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J Autism Dev Disord. 2015 Nov;45(11):3409-23. doi: 10.1007/s10803-015-2359-z.

Neural Mechanisms of Emotion Regulation in Autism Spectrum Disorder.

Author information

1
Carolina Institute for Developmental Disabilities, University of North Carolina at Chapel Hill School of Medicine, CB# 3366, 101 Manning Drive, Chapel Hill, NC, 27599-7160, USA.
2
Department of Psychology, Virginia Tech, Blacksburg, VA, USA.
3
Department of Psychology, University of North Carolina at Chapel Hill, Davie Hall, Chapel Hill, NC, 27599-3270, USA.
4
Geisinger-Autism and Developmental Medicine Institute, Lewisburg, PA, USA.
5
Duke-UNC Brain Imaging and Analysis Center, Duke University Medical Center, Durham, NC, 27710, USA.
6
Department of Psychiatry, University of North Carolina at Chapel Hill School of Medicine, CB# 7160, Chapel Hill, NC, 27599-7160, USA.
7
Sackler Institute for Developmental Psychobiology, Weill Medical College of Cornell University, New York, NY, 10065, USA.
8
Department of Psychiatry and Behavioral Sciences, Duke University Medical Center, Box 3026, Durham, NC, 27710, USA.
9
Waisman Laboratory for Brain Imaging and Behavior, Center for Investigating Healthy Minds, University of Wisconsin-Madison, Madison, WI, USA.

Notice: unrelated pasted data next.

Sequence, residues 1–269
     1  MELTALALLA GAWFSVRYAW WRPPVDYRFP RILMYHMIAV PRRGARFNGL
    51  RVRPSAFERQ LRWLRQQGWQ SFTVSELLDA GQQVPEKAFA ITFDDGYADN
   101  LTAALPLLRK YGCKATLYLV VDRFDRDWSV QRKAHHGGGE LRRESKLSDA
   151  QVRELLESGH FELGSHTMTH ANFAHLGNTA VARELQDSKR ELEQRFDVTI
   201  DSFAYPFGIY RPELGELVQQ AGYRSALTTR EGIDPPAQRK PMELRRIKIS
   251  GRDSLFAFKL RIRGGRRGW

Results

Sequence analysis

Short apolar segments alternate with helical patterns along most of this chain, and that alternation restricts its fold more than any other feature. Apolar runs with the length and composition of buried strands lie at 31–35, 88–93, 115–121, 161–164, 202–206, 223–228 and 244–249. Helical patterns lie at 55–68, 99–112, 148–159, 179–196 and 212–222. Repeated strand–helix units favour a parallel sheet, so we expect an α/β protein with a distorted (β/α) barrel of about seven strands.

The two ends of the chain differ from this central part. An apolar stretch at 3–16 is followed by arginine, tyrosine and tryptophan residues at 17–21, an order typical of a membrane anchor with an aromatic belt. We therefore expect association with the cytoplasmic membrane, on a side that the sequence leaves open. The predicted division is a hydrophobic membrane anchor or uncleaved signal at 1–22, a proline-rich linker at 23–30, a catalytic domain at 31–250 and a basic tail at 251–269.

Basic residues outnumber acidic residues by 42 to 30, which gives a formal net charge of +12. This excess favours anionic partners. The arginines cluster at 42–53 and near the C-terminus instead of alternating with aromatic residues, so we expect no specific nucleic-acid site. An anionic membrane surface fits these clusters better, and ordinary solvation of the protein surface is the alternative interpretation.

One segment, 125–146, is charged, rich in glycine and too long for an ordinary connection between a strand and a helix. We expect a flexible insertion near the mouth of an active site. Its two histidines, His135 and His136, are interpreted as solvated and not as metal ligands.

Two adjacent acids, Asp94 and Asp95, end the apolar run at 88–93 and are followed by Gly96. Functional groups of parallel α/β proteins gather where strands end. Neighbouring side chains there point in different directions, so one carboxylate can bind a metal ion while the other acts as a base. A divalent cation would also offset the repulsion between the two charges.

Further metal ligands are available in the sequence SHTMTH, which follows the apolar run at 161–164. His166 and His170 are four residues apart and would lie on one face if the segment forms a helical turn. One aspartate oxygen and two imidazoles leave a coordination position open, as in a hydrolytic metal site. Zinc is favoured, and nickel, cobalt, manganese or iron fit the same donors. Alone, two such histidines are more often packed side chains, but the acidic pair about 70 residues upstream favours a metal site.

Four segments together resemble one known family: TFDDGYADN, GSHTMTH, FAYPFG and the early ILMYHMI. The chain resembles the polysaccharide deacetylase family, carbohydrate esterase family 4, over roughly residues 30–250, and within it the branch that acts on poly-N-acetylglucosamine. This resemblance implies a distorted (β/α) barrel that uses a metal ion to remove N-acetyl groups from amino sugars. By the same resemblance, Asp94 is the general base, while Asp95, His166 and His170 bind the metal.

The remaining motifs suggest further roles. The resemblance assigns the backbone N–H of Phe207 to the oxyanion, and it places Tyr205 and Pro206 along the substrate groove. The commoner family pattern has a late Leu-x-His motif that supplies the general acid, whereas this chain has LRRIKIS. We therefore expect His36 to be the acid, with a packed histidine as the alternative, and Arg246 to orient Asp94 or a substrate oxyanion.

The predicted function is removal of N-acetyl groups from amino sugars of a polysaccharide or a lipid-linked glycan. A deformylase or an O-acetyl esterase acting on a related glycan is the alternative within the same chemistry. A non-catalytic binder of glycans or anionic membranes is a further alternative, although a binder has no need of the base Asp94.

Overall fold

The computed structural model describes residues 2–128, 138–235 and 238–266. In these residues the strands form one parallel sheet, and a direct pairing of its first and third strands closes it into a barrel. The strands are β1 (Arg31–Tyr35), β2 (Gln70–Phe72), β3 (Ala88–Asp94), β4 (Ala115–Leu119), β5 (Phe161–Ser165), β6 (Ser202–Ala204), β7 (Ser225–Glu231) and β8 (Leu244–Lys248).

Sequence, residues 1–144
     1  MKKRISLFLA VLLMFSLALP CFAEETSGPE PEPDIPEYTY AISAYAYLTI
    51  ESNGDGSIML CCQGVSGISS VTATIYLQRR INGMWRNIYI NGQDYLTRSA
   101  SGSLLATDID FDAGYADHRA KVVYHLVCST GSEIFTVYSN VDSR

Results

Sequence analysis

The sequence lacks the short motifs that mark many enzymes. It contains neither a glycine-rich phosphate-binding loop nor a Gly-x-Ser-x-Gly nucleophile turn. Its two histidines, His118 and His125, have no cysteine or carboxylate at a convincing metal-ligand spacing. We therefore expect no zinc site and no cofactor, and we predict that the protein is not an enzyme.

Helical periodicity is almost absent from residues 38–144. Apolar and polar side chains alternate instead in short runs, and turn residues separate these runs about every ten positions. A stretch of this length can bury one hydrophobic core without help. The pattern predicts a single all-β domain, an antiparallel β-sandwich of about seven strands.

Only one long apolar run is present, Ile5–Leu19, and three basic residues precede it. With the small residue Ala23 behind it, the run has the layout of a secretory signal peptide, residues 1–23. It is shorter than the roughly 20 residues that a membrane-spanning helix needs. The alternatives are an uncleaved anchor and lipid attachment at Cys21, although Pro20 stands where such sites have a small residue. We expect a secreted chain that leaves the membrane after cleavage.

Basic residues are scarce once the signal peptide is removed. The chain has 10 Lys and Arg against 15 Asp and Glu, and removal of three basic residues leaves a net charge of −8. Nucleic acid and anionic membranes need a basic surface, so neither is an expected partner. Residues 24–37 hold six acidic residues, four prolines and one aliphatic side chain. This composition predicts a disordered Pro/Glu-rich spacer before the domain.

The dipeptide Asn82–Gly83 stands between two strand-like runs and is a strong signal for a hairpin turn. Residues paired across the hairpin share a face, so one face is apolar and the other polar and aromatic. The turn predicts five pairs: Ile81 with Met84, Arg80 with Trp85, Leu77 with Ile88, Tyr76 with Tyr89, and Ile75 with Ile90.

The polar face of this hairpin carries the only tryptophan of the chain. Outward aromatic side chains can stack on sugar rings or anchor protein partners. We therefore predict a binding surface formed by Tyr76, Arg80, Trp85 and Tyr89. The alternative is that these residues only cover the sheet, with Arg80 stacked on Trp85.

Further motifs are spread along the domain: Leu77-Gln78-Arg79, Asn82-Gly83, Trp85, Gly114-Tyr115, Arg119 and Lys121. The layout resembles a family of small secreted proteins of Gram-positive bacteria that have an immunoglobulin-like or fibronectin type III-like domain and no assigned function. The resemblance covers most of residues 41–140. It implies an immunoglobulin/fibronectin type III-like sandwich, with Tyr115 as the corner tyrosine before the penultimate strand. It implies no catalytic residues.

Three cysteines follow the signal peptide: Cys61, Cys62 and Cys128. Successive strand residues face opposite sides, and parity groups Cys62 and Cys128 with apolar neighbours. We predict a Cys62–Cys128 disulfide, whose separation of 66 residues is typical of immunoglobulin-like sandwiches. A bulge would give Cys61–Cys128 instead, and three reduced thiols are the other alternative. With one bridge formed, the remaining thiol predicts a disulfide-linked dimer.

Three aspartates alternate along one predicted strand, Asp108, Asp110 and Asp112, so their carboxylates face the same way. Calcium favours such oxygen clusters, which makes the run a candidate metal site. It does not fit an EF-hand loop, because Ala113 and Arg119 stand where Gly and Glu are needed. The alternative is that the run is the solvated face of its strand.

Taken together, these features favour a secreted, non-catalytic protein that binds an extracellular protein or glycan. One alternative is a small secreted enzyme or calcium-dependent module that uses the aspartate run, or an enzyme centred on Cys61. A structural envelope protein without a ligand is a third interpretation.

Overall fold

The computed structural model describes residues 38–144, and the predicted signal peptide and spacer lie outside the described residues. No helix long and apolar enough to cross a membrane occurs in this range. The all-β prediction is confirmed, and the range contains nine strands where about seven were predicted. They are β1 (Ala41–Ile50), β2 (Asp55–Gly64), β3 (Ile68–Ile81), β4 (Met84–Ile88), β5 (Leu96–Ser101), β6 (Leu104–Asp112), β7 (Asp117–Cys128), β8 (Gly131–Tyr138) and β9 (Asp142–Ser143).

10
Carolina Institute for Developmental Disabilities, University of North Carolina at Chapel Hill School of Medicine, CB# 3366, 101 Manning Drive, Chapel Hill, NC, 27599-7160, USA. dichter@med.unc.edu.
11
Duke-UNC Brain Imaging and Analysis Center, Duke University Medical Center, Durham, NC, 27710, USA. dichter@med.unc.edu.
12
Department of Psychiatry, University of North Carolina at Chapel Hill School of Medicine, CB# 7160, Chapel Hill, NC, 27599-7160, USA. dichter@med.unc.edu.
13
Department of Psychiatry and Behavioral Sciences, Duke University Medical Center, Box 3026, Durham, NC, 27710, USA. dichter@med.unc.edu.
14
Department of Psychology, University of North Carolina at Chapel Hill, Davie Hall, Chapel Hill, NC, 27599-3270, USA. dichter@med.unc.edu.

Abstract

Autism spectrum disorder (ASD) is characterized by high rates of comorbid internalizing and externalizing disorders. One mechanistic account of these comorbidities is that ASD is characterized by impaired emotion regulation (ER) that results in deficits modulating emotional responses. We assessed neural activation during cognitive reappraisal of faces in high functioning adults with ASD. Groups did not differ in looking time, pupilometry, or subjective ratings of faces during reappraisal. However, instructions to increase positive and negative emotional responses resulted in less increase in nucleus accumbens and amygdala activations (respectively) in the ASD group, and both regulation instructions resulted in less change in dorsolateral prefrontal cortex activation in the ASD group. Results suggest a potential mechanistic account of impaired ER in ASD.

KEYWORDS:

Amygdala; Autism spectrum disorder; Dorsolateral prefrontal cortex; Emotion regulation; Eyetracking; Nucleus accumbens

PMID:
25618212
PMCID:
PMC4515208
DOI:
10.1007/s10803-015-2359-z
[Indexed for MEDLINE]
Free PMC Article

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